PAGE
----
With the start of summer, many people benefiting from in-home care want to get out of the house and into the garden. It is important for the family member or professional caregiver to understand that many of the people they help have a habit of working in the garden every year – it’s something they’ve done their entire lives.Here's how you can make this a safe activity while letting them enjoy an annual tradition:
1. Plan to learn a little about gardening by participating in this activity with them. Not only are you there to help, but they might feel purposeful in teaching you a thing or two.
2. Arthritis and other chronic conditions can make it difficult for someone to use their garden tools if their hands shake or they just have pain. Don't take over for them; offer to help here and there or maybe shop for new tools that can be easier to use.
3. Make sure that the area is clear for them to walk and move about by raking up old leaves, moving patio furniture, stacking unused pots and more so that the yard is a safe place to be.
4. Get a hat and sunscreen for both of you. While being in the fresh air and getting some sun rays does have some health benefits, nobody wants a sunburn.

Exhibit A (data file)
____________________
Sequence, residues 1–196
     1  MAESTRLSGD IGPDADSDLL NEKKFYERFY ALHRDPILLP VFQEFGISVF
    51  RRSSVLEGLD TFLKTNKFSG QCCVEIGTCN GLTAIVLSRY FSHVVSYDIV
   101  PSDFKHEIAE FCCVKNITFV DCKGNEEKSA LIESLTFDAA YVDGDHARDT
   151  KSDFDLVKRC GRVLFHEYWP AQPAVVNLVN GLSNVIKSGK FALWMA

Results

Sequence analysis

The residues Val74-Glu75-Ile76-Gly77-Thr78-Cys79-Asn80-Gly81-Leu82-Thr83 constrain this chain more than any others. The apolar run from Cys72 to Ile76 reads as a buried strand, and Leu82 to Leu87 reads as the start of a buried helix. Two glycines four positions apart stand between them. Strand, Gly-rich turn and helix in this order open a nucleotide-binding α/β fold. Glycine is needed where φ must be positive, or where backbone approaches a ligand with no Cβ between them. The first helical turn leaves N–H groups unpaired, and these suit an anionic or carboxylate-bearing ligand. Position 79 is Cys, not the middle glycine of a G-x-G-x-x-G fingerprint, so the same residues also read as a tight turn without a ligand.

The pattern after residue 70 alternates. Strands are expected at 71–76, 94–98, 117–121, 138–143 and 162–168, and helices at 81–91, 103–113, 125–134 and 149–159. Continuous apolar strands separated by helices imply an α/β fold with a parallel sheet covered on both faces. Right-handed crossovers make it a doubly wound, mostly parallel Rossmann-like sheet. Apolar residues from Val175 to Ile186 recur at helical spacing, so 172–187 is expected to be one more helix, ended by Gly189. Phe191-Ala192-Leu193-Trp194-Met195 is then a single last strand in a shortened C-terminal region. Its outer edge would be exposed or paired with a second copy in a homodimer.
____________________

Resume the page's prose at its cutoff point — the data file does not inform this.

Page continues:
5. Stay hydrated with refreshing drinks like water with lemon or lime, lemonade, iced tea or juice. Quality of life involves maintaining simple pleasures, regardless of age or ability. Caregivers can provided supported assistance to encourage on-going happiness and well-being.
Caregiving is about more than just one person fulfilling a list of a tasks; it’s about human relationships and connection.
Home care is not just one thing, but instead an umbrella term under which there are many types of care for many different types of needs and people. Learn about elder care, respite care, personal care, dementia care, and after-surgery care.
People who are living with developmental disabilities often need a professional caregiver in addition to family member support.